So what would it be worth to be in spot 1? From a PURELY ad-cost basis, 40% of 2,000 is 800 clicks, at $73/click = $58,400/month in “free” advertising clicks by being in the organic, un-payed, section of the search engine results.
Now, if you were an attorney, what would that be worth to you? At least $58k per month! And so what do you think an attorney is willing to invest to get there in his city? -and stay there. And how much do you think another attorney would be willing to invest to beat him?
That’s the heart of the matter – that space is VALUABLE!
Is it worth less for other niches, like dentists and plumbers? Sure. But it’s still worth thousands of dollars in advertising, which is worth 2x or more that in ROI.
And it’s worth a lot because it’s an investment that, once completed, continues to pay for months or years (as opposed to pay-per-click marketing where stopping the paying is like shutting off the firehose instantly). SEO is more akin to real estate – I can move your hot dog cart, plumbing business, or dental practice to your location’s online-version of Times Square – which is valuable because of the traffic that is generated in that spot.
So how much should SEO cost?
First, let’s talk about the minimum wage.
The Federal minimum wage is sitting at $7.25/hour (though higher in some states). The average fry cook at McDonalds, who works part-time (20 hours/week), makes (before taxes) about $580 per month.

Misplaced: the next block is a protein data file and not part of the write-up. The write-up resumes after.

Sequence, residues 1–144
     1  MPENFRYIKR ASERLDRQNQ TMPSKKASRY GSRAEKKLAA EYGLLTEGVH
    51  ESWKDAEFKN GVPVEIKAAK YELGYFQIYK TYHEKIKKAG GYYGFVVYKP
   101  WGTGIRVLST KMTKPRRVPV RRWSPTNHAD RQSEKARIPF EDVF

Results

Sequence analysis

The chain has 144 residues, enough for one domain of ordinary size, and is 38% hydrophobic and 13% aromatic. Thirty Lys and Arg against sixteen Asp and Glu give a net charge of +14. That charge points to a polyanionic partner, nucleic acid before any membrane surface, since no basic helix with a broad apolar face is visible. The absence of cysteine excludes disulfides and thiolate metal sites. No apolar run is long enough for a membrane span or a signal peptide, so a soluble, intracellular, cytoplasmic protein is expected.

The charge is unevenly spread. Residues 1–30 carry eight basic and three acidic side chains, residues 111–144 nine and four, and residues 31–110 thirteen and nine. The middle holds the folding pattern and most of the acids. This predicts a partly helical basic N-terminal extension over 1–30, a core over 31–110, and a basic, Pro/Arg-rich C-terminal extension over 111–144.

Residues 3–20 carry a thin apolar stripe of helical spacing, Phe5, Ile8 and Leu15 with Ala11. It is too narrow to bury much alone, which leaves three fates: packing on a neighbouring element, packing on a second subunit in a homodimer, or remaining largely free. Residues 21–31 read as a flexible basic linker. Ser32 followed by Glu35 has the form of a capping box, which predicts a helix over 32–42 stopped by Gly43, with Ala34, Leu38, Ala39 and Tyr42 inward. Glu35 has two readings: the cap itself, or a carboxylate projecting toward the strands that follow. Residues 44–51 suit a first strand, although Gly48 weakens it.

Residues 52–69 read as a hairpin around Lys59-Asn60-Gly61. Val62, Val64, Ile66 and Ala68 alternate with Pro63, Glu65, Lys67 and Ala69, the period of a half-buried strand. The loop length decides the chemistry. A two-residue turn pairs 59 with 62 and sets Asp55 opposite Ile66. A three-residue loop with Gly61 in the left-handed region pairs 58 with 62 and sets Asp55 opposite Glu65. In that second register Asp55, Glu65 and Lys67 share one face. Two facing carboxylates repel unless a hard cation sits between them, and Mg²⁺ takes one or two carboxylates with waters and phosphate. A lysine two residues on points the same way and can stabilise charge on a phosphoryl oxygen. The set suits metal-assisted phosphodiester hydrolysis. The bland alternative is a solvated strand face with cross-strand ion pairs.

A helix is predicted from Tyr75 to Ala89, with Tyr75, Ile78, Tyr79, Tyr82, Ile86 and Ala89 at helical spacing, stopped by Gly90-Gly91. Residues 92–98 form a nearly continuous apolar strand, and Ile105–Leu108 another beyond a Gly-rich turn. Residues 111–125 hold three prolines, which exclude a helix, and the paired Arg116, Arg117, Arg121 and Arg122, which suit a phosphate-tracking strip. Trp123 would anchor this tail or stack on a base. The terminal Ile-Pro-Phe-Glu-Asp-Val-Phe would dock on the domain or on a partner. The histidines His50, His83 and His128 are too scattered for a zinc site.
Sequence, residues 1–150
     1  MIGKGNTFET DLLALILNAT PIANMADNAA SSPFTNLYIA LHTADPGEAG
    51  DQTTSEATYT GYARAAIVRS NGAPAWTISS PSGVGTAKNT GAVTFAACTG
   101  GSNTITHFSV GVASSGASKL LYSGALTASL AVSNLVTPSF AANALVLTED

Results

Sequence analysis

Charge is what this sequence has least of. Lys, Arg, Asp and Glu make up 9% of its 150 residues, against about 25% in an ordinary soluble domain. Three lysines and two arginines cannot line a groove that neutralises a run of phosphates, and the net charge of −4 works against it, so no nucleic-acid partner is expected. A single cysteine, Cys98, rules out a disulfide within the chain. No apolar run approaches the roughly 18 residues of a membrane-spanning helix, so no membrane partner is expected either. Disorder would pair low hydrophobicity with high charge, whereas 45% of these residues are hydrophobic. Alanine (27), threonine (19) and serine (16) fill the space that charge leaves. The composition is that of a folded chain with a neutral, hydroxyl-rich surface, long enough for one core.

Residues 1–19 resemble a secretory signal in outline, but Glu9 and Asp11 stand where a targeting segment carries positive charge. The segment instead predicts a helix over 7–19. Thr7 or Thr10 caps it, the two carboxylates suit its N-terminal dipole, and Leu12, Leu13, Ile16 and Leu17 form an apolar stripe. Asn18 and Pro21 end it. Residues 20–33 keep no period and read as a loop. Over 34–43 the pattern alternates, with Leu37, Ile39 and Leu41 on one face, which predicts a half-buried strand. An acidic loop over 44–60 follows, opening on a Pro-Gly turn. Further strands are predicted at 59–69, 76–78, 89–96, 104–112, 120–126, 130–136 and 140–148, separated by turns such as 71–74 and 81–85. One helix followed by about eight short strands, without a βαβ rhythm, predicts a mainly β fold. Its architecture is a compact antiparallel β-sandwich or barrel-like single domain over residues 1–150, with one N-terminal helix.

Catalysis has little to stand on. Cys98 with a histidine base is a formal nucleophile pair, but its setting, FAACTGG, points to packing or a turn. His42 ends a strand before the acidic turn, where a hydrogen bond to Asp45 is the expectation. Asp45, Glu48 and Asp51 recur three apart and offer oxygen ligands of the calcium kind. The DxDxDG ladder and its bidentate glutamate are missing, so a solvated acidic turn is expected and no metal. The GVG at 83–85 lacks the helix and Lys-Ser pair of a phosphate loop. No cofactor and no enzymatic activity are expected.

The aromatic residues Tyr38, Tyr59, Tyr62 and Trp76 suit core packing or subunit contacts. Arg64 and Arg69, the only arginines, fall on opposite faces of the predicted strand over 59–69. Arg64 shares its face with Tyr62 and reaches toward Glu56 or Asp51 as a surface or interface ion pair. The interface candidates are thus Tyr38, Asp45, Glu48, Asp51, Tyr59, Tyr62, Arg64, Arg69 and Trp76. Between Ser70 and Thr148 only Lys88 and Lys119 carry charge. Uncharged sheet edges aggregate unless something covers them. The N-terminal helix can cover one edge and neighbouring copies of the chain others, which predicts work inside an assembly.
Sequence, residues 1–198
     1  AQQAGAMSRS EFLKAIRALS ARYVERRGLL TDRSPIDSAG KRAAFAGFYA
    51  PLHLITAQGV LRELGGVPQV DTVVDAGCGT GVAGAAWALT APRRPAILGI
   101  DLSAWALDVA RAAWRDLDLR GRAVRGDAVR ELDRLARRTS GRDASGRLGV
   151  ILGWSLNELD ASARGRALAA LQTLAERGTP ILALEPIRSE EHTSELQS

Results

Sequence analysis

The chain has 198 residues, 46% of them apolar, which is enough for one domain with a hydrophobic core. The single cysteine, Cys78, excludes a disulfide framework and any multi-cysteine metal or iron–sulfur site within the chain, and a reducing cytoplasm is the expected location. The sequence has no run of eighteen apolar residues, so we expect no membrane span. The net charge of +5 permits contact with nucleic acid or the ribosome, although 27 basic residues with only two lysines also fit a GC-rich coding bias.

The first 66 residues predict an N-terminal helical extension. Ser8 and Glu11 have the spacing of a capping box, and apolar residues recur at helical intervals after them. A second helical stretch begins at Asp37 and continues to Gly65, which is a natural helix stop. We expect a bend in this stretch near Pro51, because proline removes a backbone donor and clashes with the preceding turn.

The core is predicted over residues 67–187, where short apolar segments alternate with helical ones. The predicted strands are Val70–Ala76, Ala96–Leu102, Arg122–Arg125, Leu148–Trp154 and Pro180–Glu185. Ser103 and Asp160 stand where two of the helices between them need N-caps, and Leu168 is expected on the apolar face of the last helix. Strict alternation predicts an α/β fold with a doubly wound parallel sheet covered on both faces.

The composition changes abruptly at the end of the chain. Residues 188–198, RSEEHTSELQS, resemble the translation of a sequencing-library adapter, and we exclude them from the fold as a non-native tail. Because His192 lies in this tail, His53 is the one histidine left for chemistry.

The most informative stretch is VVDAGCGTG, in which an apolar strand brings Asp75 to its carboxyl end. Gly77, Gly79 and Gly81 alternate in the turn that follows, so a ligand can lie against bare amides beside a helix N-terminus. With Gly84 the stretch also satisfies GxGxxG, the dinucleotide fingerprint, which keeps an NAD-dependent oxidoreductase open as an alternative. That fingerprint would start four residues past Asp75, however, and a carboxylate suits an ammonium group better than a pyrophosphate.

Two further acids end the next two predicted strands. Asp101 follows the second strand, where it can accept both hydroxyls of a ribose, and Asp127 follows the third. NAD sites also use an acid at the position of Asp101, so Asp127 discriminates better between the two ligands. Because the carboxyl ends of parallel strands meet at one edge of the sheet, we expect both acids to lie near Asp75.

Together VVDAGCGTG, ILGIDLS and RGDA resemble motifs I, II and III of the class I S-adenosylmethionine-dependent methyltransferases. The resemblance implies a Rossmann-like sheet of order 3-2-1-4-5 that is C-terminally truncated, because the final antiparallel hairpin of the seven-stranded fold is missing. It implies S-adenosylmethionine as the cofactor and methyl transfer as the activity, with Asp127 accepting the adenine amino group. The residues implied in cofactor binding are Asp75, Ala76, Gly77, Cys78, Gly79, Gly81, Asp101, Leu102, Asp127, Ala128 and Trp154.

Now, I have had numerous business owners tell me that they thought that SEO wouldn’t be very expensive, maybe around $500/month. And every time I walk them through the above calculations.Why is SEO expensive?
And then I ask them: Do you think it’s fair (let alone possible) that I deliver business-changing value that can mean $10,000 to $100,000 or more every month in their pocket for less than a part-time fry cook at McDonalds makes?
Can I pay you $7/hr to generate a quarter of a million dollars?
That’s paying someone .05 to .005% of the value that they bring you.
Then I ask what they think it would cost to get on page one when others are spending $5k-$10k/month to get there themselves – what is the cost to compete? Do you really think $500 could compete? What kind of service do you think you would get for that kind of price?
Why would someone who can generate $100k online through their skill even want to work for $500? (Answer: they wouldn’t)
And then I ask this: Do you think that, if someone could deliver 6 to seven figures of value to their clients, that they’d ever even need to consider taking a job for $500/month?
(And bear in mind, tone of voice is hard to convey in written text, and I’m not trying to sound condescending, but why would you think that someone who can command the sway of millions of dollars in revenue for scores of clients would even have time to put in such an unfair amount of value, effort, and work would need to scrounge for customers that pay 0.01% of the value that they are given?)
And then they get it, and they usually hire me.
The Moral of the Story:
SEO isn’t cheap; anyone who tells you that it is cheap — and proceeds to tell you that they can make you $100s of thousands of dollars in additional income per year for under $500 a month — is probably trying to sell you something (and that something isn’t SEO).